How to prevent it: Assuming your home was properly built, the most you can do to prevent problems in your foundation is to ensure that your home has proper drainage. This means that gutters and eavestroughs should be kept clear and in good repair, and your yard should be properly graded to ensure that water runs away from your house.

Unlike major water damage, such as that caused by flooding, minor or hidden water damage in your home, perhaps from a defective water pipe, hot water heater or window seal, can cause just as much damage — and you may not notice it right away. Similarly, if your home suffered through a flood in the past and did not adequately dry out, mold can also thrive. (If you live in a flood-prone area, flood insurance is a must.)

A 2005 study by the National Resources Defense Council showed that New Orleans homes that had been flooded or were even near areas of flooding showed extremely high levels of mold spores that could pose health threats to residents, even in the homes that had been repaired and treated for mold. And the more humid the area in which you live, the harder it will be for you to get rid of mold and keep it from coming back. According to the Environmental Protection Agency, if the mold growth in your home is larger than 10 square feet or was caused by sewage or other contaminated water, it’s time to call in a professional. Although home insurance may cover some of the costs depending on your policy, the cost of mold remediation is about $3,000 per wall, according to Environmental Solutions Group, an environmental management company that inspects homes for mold — and that doesn’t include the cost of replacing any mold-infected materials such as drywall, carpet or ceiling tiles.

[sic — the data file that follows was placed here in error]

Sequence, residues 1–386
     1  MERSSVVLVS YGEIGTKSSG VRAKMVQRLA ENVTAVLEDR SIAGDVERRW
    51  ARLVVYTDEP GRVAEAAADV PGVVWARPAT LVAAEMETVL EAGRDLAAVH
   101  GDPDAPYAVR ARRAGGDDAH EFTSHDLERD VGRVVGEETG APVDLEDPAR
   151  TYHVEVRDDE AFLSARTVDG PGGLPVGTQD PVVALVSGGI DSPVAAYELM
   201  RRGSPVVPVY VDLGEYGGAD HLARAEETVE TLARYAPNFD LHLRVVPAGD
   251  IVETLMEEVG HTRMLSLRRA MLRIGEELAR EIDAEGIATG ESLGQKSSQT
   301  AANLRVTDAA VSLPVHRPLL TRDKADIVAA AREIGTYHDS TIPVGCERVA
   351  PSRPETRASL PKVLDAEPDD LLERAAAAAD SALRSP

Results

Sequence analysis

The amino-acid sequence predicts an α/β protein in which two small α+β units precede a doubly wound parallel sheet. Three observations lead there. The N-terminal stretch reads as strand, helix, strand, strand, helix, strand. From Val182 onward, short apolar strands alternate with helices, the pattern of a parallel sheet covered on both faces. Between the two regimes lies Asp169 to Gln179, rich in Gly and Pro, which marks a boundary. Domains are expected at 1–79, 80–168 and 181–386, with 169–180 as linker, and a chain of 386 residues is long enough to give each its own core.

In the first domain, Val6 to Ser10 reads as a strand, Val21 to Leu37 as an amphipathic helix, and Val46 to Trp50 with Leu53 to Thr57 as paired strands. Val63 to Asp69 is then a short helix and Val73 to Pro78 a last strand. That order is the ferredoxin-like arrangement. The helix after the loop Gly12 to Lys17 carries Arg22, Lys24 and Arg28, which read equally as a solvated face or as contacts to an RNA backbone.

How to prevent it: Mold can’t grow without moisture, so it’s important that you check for and fix any leaks in your home immediately, use fans in kitchens and bathrooms to vent moisture outside and clean up any mold growth immediately to prevent it from spreading.

Water Damage
If your home isn’t water tight, this isn’t something you can ignore. Beyond the possibility of mold, long-term water damage can cause rot, which can lead to all kinds of expensive repairs to the structure of your home. It’s difficult to estimate the cost of this type of repair, but it can easily run into the thousands depending on how much wood needs to be replaced and how intrusive the repairs are.

How to prevent it: Be vigilant about water damage in your home; if you find leaks or areas that tend to be damp, have them repaired before long-term damage occurs. If you find rotten wood in your home, repair the problem before it gets out of hand.

For more: Room Additions: FHA 203k Renovation Loan Can Fund Demolition Of Sections Of Home To Make Room For Major Room Additions (Video)

17 09 2010

In this video, the back of a home is demolished to make room for a room and basement addition in a whole house remodel project.

Home Remodeling Profile: Indiana Contractor Renovates A 1,000 Square Foot Basement (Video)

28 07 2010

 This is a renovation job we are very pleased to unveil. We took an unfinished basement and turned it into a true masterpiece. This job is a great example of the superior craftsmanship and attention to detail of our company. All work was completed by Thomas J. Pearson, Builder & Designer. 317-861-9778